- What is heartburn? What is acid reflux? Are they the same thing?
- What is the difference between heartburn and acid reflux?
- Differences between symptoms of heartburn vs. acid reflux
- What causes heartburn vs. acid reflux?
- Foods that aggravate heartburn and acid reflux
- How can my doctor tell if I have heartburn or acid reflux?
- How are heartburn and acid reflux treated?
- Is there a cure for heartburn or acid reflux?
What is heartburn? What is acid reflux? Are they the same thing?
What is the difference between heartburn and acid reflux?
Heartburn is a symptom of acid reflux. Heartburn describes a feeling of burning, pain, or discomfort in the chest that can be quite uncomfortable. You also may a sour or bitter taste in the throat and mouth, and it usually occurs after you eat a big meal or when you lay down.
Not everyone with GERD will experience heartburn. Other symptoms of acid reflux include regurgitation of acid into the throat or mouth, a bitter taste in the mouth, upset stomach, belching, nausea after eating, feeling full, stomach and upper abdomen bloating, dry cough, wheezing, hoarseness, feeling of tightness in the throat, and in some people, vomiting.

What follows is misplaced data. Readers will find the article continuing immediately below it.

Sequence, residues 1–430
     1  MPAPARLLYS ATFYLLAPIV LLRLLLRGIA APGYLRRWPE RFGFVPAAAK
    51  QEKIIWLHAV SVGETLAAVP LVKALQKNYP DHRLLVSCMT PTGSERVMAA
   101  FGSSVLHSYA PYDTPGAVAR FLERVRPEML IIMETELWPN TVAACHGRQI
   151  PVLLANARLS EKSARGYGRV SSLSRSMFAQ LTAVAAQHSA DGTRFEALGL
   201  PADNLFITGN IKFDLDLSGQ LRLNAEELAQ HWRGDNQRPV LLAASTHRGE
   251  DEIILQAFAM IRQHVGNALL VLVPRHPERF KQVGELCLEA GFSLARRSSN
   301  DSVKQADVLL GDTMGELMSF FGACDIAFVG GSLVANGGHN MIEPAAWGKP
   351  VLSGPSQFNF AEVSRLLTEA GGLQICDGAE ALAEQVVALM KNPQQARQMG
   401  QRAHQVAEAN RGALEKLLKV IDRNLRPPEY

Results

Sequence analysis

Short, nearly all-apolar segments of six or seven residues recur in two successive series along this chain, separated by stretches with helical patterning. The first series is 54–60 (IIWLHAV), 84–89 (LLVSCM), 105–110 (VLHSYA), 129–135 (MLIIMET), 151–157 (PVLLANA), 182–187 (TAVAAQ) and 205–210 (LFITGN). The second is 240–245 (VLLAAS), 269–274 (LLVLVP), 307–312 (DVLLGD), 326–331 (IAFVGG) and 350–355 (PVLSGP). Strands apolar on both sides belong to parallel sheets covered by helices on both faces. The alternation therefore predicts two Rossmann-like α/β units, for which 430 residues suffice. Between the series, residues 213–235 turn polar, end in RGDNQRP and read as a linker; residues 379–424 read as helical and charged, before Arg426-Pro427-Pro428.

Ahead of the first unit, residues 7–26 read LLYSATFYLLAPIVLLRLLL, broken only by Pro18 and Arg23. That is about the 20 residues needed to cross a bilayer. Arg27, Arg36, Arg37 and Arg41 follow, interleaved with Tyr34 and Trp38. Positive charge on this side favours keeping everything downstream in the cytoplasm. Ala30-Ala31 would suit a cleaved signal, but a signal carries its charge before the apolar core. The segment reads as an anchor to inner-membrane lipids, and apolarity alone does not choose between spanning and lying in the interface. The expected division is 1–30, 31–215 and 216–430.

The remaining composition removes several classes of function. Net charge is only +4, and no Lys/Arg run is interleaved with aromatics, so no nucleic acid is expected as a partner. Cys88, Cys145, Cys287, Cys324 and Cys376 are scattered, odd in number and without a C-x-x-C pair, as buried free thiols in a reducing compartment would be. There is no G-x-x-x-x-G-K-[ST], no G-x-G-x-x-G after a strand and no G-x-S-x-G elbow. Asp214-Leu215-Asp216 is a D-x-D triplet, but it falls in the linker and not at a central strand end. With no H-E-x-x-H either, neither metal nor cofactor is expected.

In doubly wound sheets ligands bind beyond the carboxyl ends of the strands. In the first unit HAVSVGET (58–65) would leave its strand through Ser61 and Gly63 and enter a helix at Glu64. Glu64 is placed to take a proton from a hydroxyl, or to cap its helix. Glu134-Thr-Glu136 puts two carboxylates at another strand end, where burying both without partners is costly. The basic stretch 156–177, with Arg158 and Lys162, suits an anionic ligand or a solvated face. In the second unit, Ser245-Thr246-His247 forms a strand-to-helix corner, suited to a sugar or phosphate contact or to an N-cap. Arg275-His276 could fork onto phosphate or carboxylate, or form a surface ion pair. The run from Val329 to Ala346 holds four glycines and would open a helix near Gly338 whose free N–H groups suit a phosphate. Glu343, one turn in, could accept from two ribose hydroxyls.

Differences between symptoms of heartburn vs. acid reflux
Heartburn, a symptom of acid reflux, and feels like a burning pain or discomfort in the chest, around the area of the heart.
Acid reflux may include heartburn symptoms. Other common symptoms of acid reflux include:
- A warm or acidic taste at the back of the throat
- Sore throat
- Upset stomach (dyspepsia)
- Abdominal pain or discomfort
- Nausea, a feeling of fullness
- Feeling tightness in the throat
- It may feel difficult to swallow, or you may feel like you have food stuck in your throat.
Acid reflux (GERD) and heartburn may cause chest pain, when after eating or when lying down. See your doctor if you have any chest pain that is not diagnosed because chest pain may be a sign of a heart attack or another serious heart condition.
If you have been diagnosed as having acid reflux by your doctor or other health care professional, and your symptoms change suddenly or worsen acutely, seek medical care right away to make sure this chest pain is not associated with a heart attack or other serious medical conditions.
What causes heartburn vs. acid reflux?
- Drinking alcohol
- Poor posture (slouching)
- Certain medications (calcium channel blockers, theophylline, nitrates, antihistamines)
- Certain foods (fatty and fried foods chocolate, garlic and onions, caffeinated drinks, acidic foods such as citrus fruits and tomatoes, spicy foods, mint)
- Eating large meals
- Eating too quickly
- Eating before bedtime
- Hiatal hernia
- Increase in stomach acid (from stress, Zollinger-Ellison syndrome, stomach tumors)
- Weight gain
Foods that aggravate heartburn and acid reflux
Foods that may cause or aggravate acid reflux and heartburn include:
- Fried and fatty foods
- Garlic and onions
- Caffeinated beverages
- Acidic foods such as citrus fruits and tomatoes
- Spicy foods
How can my doctor tell if I have heartburn or acid reflux?